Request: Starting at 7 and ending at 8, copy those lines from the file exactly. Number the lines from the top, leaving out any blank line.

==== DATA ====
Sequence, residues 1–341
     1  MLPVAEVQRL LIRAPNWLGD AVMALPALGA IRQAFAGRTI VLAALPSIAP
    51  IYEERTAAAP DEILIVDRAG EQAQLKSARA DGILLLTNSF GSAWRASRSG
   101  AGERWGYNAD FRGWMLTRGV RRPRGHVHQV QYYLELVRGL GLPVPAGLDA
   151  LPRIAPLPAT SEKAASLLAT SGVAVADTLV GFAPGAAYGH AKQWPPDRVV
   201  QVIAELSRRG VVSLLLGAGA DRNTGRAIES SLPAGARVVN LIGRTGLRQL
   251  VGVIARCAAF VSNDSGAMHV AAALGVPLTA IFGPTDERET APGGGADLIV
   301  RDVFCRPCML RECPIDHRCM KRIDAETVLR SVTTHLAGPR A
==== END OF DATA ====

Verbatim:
   251  VGVIARCAAF VSNDSGAMHV AAALGVPLTA IFGPTDERET APGGGADLIV
   301  RDVFCRPCML RECPIDHRCM KRIDAETVLR SVTTHLAGPR A